Keeping Our Lakes Clean
Friday, October 11, 2019
BY ANDRE EGGERT
A quintessential summer day in Minnesota is one spent on the lake. Whether it’s fishing, waterskiing, or just cruising on a pontoon, residents certainly take advantage of our 10,000-plus lakes.
Without proper care, however, boaters can accidentally introduce aquatic invasive species like zebra mussels or milfoil to lakes, harming the ecosystem and economy.
Edgar Rudberg and Mark Apfelbacher aim to prevent that with their “CD3 Station,” a waterless cleaning system. These stationary systems are installed at boat launches to enable boaters to quickly clean their watercraft to avoid spreading invasive species. The product has proven to be a success, but some customers wanted a portable, off-grid unit instead. That’s when they turned to the Carlson School for help.
Collaborating on design
The New Product Design & Business Development (NPDBD) course, a partnership between the Carlson School of Management and the College of Science & Engineering, brings together business students and engineers to work on real-world product development projects for small companies like CD3 to corporate giants like 3M.
“The goal of the program is to expose students to the product development process, while providing companies with a working prototype and business plan they can run with,” says Dan Forbes, associate professor of Strategic Management and Entrepreneurship and NPDBD program head.
Engineering meets business
Teams are comprised of six people, each a mix of engineering and business students. This helps everyone, says Trevor Born, a student working on the CD3 project as an elective for his Master’s in Strategic Communications degree.
“So much of the academic experience involves being paired with a group of people who all share a very similar professional background and have similar aspirations,” he says. “Yet, in the working world, almost no teams work like that. Having the chance to work with a cross-functional team actually builds skills that you need to make anything of substance happen in the workplace.”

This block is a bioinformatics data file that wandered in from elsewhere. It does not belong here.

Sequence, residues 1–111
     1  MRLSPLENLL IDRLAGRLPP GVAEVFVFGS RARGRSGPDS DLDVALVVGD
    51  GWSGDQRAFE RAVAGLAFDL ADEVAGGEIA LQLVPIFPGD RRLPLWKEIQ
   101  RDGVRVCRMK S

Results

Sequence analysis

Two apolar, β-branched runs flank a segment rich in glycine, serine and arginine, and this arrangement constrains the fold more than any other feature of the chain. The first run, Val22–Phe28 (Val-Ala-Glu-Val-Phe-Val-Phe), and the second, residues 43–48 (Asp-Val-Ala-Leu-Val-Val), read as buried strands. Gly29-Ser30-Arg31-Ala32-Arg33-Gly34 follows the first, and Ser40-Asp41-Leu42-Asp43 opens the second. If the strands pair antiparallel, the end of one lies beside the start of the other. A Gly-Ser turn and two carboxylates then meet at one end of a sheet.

The CD3 project
Like all other NPDBD projects from the course, the work with CD3 started in the fall semester with an analysis to determine whether the company’s product met a market need and was viable. Then, in the spring semester, the team developed an alpha prototype and business development plan. Students met regularly with Rudberg and Apfelbacher to ensure everyone’s needs were met.
Rudberg praised the students for their energy, passion, and knowledge.
“The product design showed excellent out-of-the-box thinking,” he says. “We were very pleased with the results.” Everyone, from the students to the instructors to the company sponsors, agrees that working on real business projects is key to the NPDBD course’s success.
“There is a huge benefit to working with an actual business rather than an in-class-only project,” says Arthur Gryczman, ’21 MBA (expected). “It is exactly what you’d expect: You cannot replace the classroom for real world experiences. This course will give you that real world experience, guaranteed.”
This article appeared in the Fall 2019 alumni magazine
The Carlson School is celebrating its centennial. In this issue, we examine our storied history (and the people that made it possible) and look forward to the next 100 years of excellence.